German military refuses new A400M deliveries over safety concerns
The Bundeswehr, the German military, announced it would not accept deliveries of two A400M Atlas transport aircraft due to recurring technical problems.
While defining the aircraft as the “backbone” of its air transport capabilities, the Bundeswehr is concerned about recurring technical problems affecting its fleet. “During routine inspections of the mounting nuts on the propellers of the A400M already in flight, it was found that not all 24 nuts per propeller have the intended tightening torque,” revealed the Luftwaffe, the German air force, in a statement.
Increased inspections of the engine mounts, combustion chambers, and engine flap, as well as crack testing on several points, are also required and reduce the readiness of the A400M fleet.
In addition to technical deficiencies, the two latest aircraft that were about to be delivered did not meet the “contractually guaranteed properties”, leading to the refusal.
So far, the Bundeswehr has received 31 of the 53 A400M it ordered. In total, 174 A400M airlifters were ordered, with 84 already in service. Outside of the partner countries of the program, namely Belgium, France, Germany, Luxembourg, Spain, and Turkey that total 170 orders, the remaining four were acquired by Malaysia.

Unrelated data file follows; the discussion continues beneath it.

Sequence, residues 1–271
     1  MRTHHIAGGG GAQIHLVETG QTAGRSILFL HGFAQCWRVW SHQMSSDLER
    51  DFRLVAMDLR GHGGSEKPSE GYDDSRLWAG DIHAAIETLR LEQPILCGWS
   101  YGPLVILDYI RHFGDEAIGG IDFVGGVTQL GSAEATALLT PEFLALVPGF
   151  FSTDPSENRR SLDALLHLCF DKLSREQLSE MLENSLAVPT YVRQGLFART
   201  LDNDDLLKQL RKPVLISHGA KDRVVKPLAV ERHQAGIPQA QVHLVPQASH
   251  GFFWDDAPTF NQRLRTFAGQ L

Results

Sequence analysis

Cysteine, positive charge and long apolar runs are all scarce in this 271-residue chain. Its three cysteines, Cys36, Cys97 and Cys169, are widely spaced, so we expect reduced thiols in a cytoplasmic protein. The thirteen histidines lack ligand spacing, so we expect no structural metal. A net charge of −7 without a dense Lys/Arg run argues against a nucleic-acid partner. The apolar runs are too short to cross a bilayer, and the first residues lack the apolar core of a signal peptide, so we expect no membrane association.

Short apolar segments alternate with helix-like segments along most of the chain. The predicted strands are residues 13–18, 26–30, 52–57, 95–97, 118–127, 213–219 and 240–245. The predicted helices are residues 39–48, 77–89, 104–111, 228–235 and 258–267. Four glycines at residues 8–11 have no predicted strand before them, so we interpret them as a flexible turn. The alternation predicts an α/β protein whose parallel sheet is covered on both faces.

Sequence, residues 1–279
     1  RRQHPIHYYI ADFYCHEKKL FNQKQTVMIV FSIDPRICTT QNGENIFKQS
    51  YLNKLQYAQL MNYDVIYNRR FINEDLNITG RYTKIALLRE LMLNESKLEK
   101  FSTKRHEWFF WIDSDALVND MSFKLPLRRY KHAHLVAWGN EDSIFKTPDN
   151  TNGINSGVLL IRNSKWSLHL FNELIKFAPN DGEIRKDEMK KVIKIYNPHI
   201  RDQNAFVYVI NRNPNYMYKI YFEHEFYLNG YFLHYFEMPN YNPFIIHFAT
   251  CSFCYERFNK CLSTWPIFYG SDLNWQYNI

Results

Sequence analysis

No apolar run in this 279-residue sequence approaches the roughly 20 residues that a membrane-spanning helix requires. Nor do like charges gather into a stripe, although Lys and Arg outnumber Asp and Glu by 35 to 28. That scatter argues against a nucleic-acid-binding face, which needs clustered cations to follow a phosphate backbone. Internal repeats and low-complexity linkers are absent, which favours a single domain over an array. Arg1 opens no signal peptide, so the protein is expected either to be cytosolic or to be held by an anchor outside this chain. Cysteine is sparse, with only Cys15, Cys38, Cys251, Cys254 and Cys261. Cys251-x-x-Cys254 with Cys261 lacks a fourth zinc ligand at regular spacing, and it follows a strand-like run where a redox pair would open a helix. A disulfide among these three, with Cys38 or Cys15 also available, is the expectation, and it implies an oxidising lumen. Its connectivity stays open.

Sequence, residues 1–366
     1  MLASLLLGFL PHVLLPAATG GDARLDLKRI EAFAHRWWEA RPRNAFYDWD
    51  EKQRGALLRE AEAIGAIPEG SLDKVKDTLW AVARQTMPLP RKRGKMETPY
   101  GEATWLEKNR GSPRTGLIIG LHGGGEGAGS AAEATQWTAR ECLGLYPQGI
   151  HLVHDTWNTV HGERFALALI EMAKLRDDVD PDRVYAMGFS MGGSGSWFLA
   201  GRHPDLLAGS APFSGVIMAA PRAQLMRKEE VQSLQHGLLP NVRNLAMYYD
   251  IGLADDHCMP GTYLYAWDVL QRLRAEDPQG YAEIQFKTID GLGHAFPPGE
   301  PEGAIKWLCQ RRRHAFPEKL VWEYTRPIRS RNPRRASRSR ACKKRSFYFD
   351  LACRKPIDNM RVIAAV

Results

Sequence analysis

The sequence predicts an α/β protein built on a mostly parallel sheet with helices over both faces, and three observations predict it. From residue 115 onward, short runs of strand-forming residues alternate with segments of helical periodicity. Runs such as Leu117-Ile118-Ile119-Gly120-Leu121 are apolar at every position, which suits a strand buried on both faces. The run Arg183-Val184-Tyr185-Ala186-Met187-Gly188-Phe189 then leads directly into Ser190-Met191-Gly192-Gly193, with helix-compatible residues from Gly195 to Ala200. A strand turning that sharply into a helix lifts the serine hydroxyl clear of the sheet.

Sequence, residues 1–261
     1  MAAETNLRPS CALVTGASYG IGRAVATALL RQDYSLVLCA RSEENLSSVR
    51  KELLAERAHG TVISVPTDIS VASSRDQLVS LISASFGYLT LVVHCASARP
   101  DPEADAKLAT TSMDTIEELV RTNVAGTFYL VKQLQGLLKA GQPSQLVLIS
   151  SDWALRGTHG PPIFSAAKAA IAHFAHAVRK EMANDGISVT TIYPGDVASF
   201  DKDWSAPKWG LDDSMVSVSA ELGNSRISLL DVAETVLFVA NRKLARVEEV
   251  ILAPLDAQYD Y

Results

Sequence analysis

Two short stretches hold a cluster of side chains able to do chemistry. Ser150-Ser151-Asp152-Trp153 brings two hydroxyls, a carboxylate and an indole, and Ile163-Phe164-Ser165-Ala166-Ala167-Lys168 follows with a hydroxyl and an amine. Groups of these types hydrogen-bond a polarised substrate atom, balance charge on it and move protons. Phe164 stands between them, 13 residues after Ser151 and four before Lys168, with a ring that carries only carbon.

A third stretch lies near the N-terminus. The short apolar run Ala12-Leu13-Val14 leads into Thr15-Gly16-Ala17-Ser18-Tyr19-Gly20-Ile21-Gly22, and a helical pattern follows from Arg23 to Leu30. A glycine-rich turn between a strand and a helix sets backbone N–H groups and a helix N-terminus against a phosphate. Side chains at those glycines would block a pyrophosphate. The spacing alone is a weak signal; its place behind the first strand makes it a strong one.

AeroTime has reached out to Airbus for comment but did not receive an answer at the time this article was published.
The A400M is a military transport aircraft designed by Airbus Defence and Space. It entered service in 2013, and is offered as a successor for older transporters such as the C-130 Hercules or the C-160 Transall. It recently achieved the certification flight test for the highly awaited simultaneous dispatch of paratroopers from both side doors. The feature had been delayed by the design shortcomings of static lines.
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